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Iraqis are conflicted as U.S. combat mission ends

Many blame the Americans for the years of violence after the invasion, but they also fear what may lie ahead.

August 31, 2010|By Liz Sly, Los Angeles Times

Reporting from Baghdad — Muwafak Ali's downtown Baghdad music store is still pockmarked by the American rocket that whizzed through the door on one of the first days of the U.S.-led invasion of Iraq in 2003.

He has since reopened, but business is bad. So are many of his memories concerning the seven-plus years of American combat operations that officially came to an end Tuesday.

"It would have been better if they didn't come, but now that they're here, they should stay," said Ali, 44, a wedding musician who hated Saddam Hussein, yet fondly remembers the days when the dictator was in control, the days before the chaos set in.

It's a view shared by many Iraqis as the American presence winds down to 50,000 troops serving in an advisory role.

Seven and a half years after then- President George W. Bush attacked Iraq, Baghdad is a battered and weary city whose streets still bear the scars of a still inconclusive war, and whose residents are still groping to comprehend the magnitude of the changes that turned their lives upside down.

For more than 20 years they endured a dictatorship whose rules most didn't like, but easily understood. Then came the invasion, which many at first welcomed, followed by days of looting, years of insurgency, four governments and a sectarian war, transforming their country in ways that may not be fully resolved for many years, after the dust has settled on the huge uncertainties that still linger. Will Iraqi politicians reach agreement on a new government? Will the insurgency succeed in its efforts to make a comeback? Can the nation's security forces stand alone?

"How can the Americans leave when we don't have a government, don't have a state?" asked Hafedh Zubaidi, 39, who sells mattresses in Baghdad's middle-class Karada district and is deeply anxious about the future given the political stalemate over the formation of a government six months after national elections.

"We thought things were really going to be better when the Americans came, and instead they brought us only sorrow," he said. "But if they leave now, there will be no Iraq."

Over the years, the role of the Americans has shifted for most Iraqis from liberators to hated occupiers, from colonizers to peacekeepers in a civil war. And now, the ending of the combat mission, decreed by President Obama in fulfillment of an election campaign pledge, comes as just one more event over which Iraqis have no control, and which they worry will disrupt their lives yet again.

In an address to the nation Tuesday, Prime Minister Nouri Maliki hailed the moment as "a landmark in the Iraqi people's long hard struggle for freedom and dignity."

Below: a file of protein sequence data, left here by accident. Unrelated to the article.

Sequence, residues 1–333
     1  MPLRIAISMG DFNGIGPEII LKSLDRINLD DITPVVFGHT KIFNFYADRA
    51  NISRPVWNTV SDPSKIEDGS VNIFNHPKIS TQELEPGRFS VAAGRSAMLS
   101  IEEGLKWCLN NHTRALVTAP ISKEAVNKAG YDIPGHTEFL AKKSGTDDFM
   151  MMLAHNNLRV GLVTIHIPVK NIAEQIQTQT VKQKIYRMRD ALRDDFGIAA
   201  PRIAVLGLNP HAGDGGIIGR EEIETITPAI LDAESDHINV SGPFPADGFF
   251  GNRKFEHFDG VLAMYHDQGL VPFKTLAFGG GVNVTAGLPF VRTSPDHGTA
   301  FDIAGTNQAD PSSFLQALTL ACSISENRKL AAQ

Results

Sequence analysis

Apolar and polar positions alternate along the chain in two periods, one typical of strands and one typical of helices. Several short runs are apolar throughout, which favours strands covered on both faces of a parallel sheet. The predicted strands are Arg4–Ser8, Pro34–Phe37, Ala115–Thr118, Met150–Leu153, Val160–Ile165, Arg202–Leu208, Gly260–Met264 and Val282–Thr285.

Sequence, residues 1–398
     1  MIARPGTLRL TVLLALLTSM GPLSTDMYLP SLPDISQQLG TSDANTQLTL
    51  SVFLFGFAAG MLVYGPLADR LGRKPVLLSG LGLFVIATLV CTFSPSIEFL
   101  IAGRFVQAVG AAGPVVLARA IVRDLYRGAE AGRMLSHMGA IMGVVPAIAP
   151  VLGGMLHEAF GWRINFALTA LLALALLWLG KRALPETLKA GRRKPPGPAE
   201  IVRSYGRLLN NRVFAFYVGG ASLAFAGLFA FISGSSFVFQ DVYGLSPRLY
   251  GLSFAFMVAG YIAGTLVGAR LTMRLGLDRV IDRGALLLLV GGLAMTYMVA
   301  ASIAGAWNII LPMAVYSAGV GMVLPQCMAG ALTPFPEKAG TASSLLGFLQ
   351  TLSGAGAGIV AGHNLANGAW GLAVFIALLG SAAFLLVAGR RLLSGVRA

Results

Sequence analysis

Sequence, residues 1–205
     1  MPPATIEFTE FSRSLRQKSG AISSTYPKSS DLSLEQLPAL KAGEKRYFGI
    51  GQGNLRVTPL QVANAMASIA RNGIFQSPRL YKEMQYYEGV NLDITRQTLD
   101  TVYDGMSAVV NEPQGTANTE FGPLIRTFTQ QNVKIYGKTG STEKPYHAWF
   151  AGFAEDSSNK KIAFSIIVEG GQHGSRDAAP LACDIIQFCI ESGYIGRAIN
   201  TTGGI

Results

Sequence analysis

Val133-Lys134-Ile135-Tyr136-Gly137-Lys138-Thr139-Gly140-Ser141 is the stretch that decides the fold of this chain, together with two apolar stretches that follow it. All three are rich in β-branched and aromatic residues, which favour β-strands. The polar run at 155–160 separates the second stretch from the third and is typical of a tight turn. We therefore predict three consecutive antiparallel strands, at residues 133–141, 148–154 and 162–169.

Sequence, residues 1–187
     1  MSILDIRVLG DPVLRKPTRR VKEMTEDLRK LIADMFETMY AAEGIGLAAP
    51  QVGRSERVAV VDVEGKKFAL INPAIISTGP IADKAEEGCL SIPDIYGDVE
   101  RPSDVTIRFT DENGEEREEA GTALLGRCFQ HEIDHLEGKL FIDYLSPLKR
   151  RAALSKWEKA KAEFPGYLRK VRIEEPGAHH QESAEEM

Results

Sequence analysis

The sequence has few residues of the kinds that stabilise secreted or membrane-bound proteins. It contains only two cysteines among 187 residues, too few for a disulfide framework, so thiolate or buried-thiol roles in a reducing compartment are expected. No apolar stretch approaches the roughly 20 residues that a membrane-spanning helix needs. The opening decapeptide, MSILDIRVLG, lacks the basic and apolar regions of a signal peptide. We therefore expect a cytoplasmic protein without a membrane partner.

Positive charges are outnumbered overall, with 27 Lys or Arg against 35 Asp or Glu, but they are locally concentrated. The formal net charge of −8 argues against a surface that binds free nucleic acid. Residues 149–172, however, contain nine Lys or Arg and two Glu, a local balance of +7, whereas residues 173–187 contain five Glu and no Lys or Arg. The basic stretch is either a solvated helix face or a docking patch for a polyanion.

Iraq "today is independent," he said, without mentioning that it was Obama who set the deadline, and not the Iraqi government.

Maliki had warned of the likelihood of major attacks to mark the day, and placed the security forces on high alert. There were none. Three people were killed when a rocket struck their home in a south Baghdad neighborhood, police said, but otherwise the city was unusually calm, a relatively auspicious start for a new era.

The Iraqi army was out in force, stopping and searching cars at checkpoints and patrolling the streets in its U.S.-supplied Humvees. "We deserve the future," proclaimed signs on the backs of the camouflage-painted vehicles, portraying smiling children holding hands.

In the fortified Green Zone, now under Iraqi control but just as off-limits to ordinary Iraqis as it was when Americans were in charge, U.S. Vice President Joe Biden shuttled between Iraqi leaders, pressing them to hurry up and form a new government. He disputed recent reports that violence has increased.

Indeed, things are much different from how they were a little over three years ago, when violence raged between Shiite Muslims and minority Sunni Arabs, who had controlled Iraq during the Hussein era, and U.S. troops were building up their presence to help tamp it down. There are signs of renewal, intermingled with the debris of war. New stores and restaurants have opened beside the collapsed wrecks of those that have been bombed. Shrubs have been planted along major highways, adding splashes of green to the drab gray landscape.

But much uncertainty, and bitterness, remain.

Mutanabi Street is one of the few places in Baghdad to have received a complete makeover; the legendary block of booksellers was destroyed in a 2007 bombing. Its crisp new pavement and renovated storefronts thrum with shoppers and cart-pushers hauling stacks of paper and piles of books.

But urban renewal can't erase the lingering anger of those who lost loved ones to violence.

"It was a total collapse," said Fahim Mohammed, 48, who lost four brothers and a nephew in the bombing. He had stepped around the corner to buy supplies when the bomb exploded, and rushed back to drag their bodies from the rubble.

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